Apart from education, most people would argue that the child after learning must work on their speech. However, this is not recommended at all. The autonomy to choose whether they should work with their dysfluency in speech must be left with the children only.

Adults including parents and family members may feel like the child must work on their stuttering. However, it is pertinent to acknowledge that forcing the child or even telling them to improve their speech when they don’t want to is not recommended as it would only make the stuttering therapy more exasperating for the child. Plus, more importantly, it’s unethical. So, people should refrain from doing it.

Avoid the Use of Force

Working with a challenge by force will never work. A child who is uninterested in improving their speech should not be approached with invasive approaches for speech therapy. Rather, it is highly recommended that you consider approaching the child with an educational approach.

With an educational lens, you as a teacher would be able to help the students navigate the problem by themselves. Remember, this education-centric approach is not developed to initiate an immediate response from the child.

Engage Children with Multimedia Learning

Children will be engaged through discussions and presentations on topics. Students will learn about core stuttering concepts by engaging in activity-based learning. The technique prioritizes drawing the interest of the child in learning about stuttering on their own. The aim is to spread curiosity among children to know more.

It would then be left to the children whether or not they want to pursue speech correction therapy. This technique will primarily help children to develop extensive knowledge of stuttering.

Given the fact that students will know more about the value of stuttering knowledge and communication skills, after some time, they may choose to voluntarily work on their physical aspect of speech improvement.

One more effective technique to make learning exciting for students is to engage them in class presentations. You may choose to invite students to give presentations for five minutes.

The presentation would be a test of their communication skills. Plus, a presentation could be of great value to your speech improvement course if you ask them to provide a demonstration each for all the common stuttering problems which are faced by people.

This is an intelligent educational activity. It will eventually help students to voluntarily work on their speech without notifying anyone.

Empowerment Goals for Quality Speech Therapy

Apart from an education-centric approach, as a speech therapist, you may also need an empowering technique. It is crucial to set clear and precise empowering goals for quality speech therapy.

Most children are reluctant to speak freely because of the poor reactions they get socially especially from their peers. This often undermines their level of motivation. Thus, they end up leaving their stuttering issues unresolved and don’t have the esteem to speak freely.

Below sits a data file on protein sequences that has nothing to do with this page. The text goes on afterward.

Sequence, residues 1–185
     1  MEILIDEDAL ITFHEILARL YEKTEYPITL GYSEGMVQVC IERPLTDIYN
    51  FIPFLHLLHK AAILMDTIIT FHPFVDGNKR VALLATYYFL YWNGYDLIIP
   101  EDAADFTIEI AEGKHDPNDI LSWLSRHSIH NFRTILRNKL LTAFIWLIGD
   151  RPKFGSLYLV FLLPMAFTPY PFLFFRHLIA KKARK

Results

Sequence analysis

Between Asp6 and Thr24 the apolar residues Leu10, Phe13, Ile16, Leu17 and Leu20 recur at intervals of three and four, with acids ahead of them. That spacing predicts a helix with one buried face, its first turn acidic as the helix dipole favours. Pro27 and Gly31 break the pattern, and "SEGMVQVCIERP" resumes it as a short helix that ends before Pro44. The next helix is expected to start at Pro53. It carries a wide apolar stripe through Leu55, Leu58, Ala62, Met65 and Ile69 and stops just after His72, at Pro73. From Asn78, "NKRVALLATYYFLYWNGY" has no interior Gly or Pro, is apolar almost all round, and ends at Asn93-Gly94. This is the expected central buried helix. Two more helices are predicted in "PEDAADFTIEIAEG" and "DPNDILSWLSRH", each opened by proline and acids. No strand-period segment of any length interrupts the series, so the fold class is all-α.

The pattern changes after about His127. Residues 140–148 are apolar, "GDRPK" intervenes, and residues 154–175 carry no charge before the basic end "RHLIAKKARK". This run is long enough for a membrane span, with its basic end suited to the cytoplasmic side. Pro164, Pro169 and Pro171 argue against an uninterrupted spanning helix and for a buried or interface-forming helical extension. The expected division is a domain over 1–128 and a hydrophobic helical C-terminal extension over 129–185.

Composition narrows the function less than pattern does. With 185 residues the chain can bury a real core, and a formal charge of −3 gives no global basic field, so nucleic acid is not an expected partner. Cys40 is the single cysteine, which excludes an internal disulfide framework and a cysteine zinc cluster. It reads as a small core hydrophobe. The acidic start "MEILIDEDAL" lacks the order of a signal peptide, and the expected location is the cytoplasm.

This is where your role as a speech therapist is of prime importance. Instead of relying fully on the educational technique, you must give special consideration to empowering your clients. Empowering them to speak freely is critical to help them improve their speech.

People must understand that stuttering does not go away easily and may even get worse as the person starts practicing. A person with decreased confidence to rely on their speech for communication will have a low-esteem.

This will have negative impacts on their social life. Therefore, to empower individuals effectively, one must commit to setting precise and achievable empowering goals for their clients. While preparing goals, you must cater to the following prerequisites for setting goals for empowerment.

Challenging Goals

First, the goals you set out for your client must be challenging. Remember, you can’t work with speech impairment if the physical speech behavior of your client is not challenged adequately. Therefore, you must demand commitment from your clients to bear the challenge.

However, challenging goals does not mean that an activity or task that is far above the current level of the client is presented to them. Your job is to take great care that the tasks assigned to your client are within their capacity. So, you may progress slowly with the goals. It’s always advisable to track the progress of your client and set future goals for speech articulation accordingly.

Client-centric Goals

Second, it’s your prime responsibility that you empower your clients as per their needs. Remember, each client is different. No two people who stutter are the same. Their issues may be slightly different.

However, their therapy needs may be quite opposite. What works for one client, may not prove to be fruitful or effective for the other. Therefore, you must have a client-centric attitude.

Empowering the client will require you to know them more closely and identify their strengths and weaknesses. It’s highly recommended that you develop empowering goals using collaboration with the client.

Say ‘No’ to Use of Force

Third, the use of force must be avoided. Your job as a speech therapist is to make sure that your client is not forced in any way. The decision to engage in communication or work on their speech must be left with your client. This is where empowering is the most difficult part of a speech therapist’s job.

Voluntary participation must be encouraged and sought as the only way to bring about a positive change in physical speech. Remember, that it could several weeks before you see any behavioral change in the speech of your client. So, it’s equally important to be patient throughout the program.

As a speech therapist considering empowering goals, you may want to focus on avoidance reduction. Encourage your client to speak while stuttering. Furthermore, you may also try to educate people in groups about stuttering and clarify that it’s not misery. Voluntary stuttering is the first of your empowering goals. Your client must be willing to talk voluntarily and tackle unfavorable reactions in a strong manner.

Lastly, to empower your clients, it may also help to engage them in support groups or initiate a conversation on social media on stuttering and raise awareness among people. For empowerment goals, you may use the 3Es model that is specially designed for students requiring stuttering therapy.